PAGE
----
A constitution does not only organize the separation of powers within a state but also protects inalienable rights and freedoms of individuals. Yet, when it comes to amending constitutions, the “people” may – seemingly – correct all wrongs. Even the unconstitutional constitutional amendments doctrine is based on delegation theory that takes the “people” as the main holder of constitution-making power. However, populist leaders also refer to the same principle while pushing for their constitutional agendas that could undermine fundamental rights and are very willing to use referenda as a legitimizing tool. Thus, this paper will argue that this approach to unconstitutional constitutional amendments doctrine feeds the populist rhetoric rather than putting an effective barrier to abusive constitutionalism. It will illustrate this thesis by using the two latest Turkish constitutional amendments to suggest that the discussion should rather focus on developing a new understanding of the “people” as constituent power.
My paper presents lessons from the Czech example of the so-called “Eternity Clause,” i.e. a legal standard declaring certain principles, values or specific constitutional provisions to be unalterable and irrevocable.
That the Eternity clause is a practical instrument has already been proved by the Czech Constitutional Court in its famous “Melčák” decision. However, recent developments show that the Czech Constitutional Court is no longer open to such a “radical” approach. Nonetheless, it still seems that the court is prepared to defend the values of liberal democracy, just not in such a spectacular way. It is therefore more up to the political actors or the people themselves to use Eternity Clause arguments to protect liberal democracy and its values in the region of Central Europe.
The study of ways to amend a constitution was never an easy question, overall considering the different political traditions and constitutional choices. Besides the clear formal limits to restrain a constitutional amendment, there are othe possibilities, that differs by nature and constitutional stability, such as: temporal limits, material limits and circunstantial limits. Those options changes in every constitutional choices and time to time. Nevertheless, the doutrinary approach reveals some important accomplishment in protecting an essential forms of every constitution. Those implicit limits have an arreay in common, even if not writting they are the last defence against the overacting of political power (in form of parlament or presidential). This seminar examines the fortitude of those implicit limits to amend a constitutional when they are challenged. This study will offer a constitutional comprative approach.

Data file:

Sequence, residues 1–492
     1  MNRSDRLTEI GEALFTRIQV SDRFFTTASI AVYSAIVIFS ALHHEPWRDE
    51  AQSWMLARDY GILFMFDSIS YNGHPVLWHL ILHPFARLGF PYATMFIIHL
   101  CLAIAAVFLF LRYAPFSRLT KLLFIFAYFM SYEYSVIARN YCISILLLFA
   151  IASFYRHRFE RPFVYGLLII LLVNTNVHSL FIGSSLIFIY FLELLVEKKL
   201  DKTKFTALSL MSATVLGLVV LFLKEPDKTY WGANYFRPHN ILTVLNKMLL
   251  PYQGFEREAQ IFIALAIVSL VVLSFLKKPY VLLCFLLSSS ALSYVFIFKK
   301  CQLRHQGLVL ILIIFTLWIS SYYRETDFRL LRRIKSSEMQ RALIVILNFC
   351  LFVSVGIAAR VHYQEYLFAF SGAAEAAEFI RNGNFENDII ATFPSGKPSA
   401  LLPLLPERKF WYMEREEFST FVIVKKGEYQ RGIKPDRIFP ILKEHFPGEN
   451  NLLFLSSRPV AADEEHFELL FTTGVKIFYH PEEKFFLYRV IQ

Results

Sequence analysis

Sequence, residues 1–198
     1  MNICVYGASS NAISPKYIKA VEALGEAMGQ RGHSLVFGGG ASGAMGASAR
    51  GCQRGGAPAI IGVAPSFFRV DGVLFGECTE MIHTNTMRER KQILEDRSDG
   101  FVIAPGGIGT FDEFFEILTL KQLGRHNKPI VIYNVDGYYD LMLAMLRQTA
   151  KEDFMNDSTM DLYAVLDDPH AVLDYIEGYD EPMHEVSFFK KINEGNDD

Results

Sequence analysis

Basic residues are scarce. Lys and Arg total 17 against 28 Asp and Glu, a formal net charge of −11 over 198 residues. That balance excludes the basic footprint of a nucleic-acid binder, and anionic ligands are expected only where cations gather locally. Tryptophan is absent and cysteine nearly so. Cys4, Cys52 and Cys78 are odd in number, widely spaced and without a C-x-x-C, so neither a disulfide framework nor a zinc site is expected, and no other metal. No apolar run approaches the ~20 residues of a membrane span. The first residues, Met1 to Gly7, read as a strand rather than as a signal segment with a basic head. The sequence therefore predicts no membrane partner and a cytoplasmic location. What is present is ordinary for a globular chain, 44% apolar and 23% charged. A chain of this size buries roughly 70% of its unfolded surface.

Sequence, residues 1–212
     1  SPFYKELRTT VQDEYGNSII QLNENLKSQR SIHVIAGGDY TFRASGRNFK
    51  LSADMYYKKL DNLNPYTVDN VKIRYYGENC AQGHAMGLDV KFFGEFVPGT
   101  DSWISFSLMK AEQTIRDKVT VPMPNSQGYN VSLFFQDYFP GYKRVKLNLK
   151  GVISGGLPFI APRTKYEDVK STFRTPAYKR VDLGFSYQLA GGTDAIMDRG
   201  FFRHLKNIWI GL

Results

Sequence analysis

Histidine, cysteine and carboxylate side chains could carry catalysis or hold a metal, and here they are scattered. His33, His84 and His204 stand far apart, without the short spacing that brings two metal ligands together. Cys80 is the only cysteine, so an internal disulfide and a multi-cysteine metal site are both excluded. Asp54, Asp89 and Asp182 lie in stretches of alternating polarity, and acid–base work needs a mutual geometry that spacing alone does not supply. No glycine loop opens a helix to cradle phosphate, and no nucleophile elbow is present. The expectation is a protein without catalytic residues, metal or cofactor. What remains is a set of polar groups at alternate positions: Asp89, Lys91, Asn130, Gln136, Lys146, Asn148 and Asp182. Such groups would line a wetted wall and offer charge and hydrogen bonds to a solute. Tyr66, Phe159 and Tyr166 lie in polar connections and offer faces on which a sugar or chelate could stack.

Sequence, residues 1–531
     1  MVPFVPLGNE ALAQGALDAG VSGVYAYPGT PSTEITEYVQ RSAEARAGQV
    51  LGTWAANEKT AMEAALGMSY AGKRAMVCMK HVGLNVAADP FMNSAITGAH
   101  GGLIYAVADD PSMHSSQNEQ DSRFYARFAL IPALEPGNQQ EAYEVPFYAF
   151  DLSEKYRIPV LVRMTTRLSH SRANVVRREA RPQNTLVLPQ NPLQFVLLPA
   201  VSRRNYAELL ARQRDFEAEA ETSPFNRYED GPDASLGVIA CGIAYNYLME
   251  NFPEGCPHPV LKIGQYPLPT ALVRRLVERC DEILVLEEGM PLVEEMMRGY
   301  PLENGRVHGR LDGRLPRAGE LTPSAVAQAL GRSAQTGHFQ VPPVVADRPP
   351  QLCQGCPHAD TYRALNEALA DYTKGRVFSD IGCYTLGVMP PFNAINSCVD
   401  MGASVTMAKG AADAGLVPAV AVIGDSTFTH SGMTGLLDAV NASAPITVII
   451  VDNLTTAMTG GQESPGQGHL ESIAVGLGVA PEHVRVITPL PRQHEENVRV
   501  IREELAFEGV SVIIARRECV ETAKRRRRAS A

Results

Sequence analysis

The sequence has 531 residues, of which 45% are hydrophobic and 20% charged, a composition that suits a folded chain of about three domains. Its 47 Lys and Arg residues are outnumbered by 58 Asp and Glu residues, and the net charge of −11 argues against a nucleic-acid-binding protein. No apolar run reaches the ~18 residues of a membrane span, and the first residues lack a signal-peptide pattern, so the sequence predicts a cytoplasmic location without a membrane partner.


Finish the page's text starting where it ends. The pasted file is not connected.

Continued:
I examine the degree to which the unconstitutional constitutional amendment doctrine has been employed in the American states. One purpose is to identify the occasions and reasons why state courts have invalidated amendments and to show that rulings have focused on inaccurate ballot language, multiple subjects, procedural violations, violations of federal law, and subject-matter violations. However, and this is the paper’s second purpose, notably absent are state court cases employing the unconstitutional constitutional amendment doctrine, in the sense of invalidating amendments for violating state constitutional provisions or principles. The paper’s third purpose is to explain why American state courts have not embraced the unconstitutional constitutional amendment doctrine in a way that has been embraced by courts in other polities. A key explanation is found in the strength of the popular sovereignty doctrine and role of the public in approving constitutional changes in the U.S.
This paper explores ‘unconstitutional constitutional amendments’ within the EU. This is a topical issue given both the challenges to the ‘constitutional equality’ of Member States from the economic crisis, and the rule of law crisis across Europe. One could question whether fundamental constitutional ideas such as State equality and the rule of law are of such weight as to operate as limits to future amendments to the Union legal order.
Such ideas highlight unsettled questions about the nature of the EU legal order. Are the Member States ‘the masters of the Treaties’? Or is there a role for European Court of Justice to enforce (and perhaps to recognise) substantive limits to amendment?
The paper thus captures the political reality of EU amendment. It challenges the idea that ‘hard’ public law concepts of ‘unconstitutionality’ can address seemingly intractable political problems. Indeed, the current crises are rooted in concerns over sovereignty, national identity, and economics.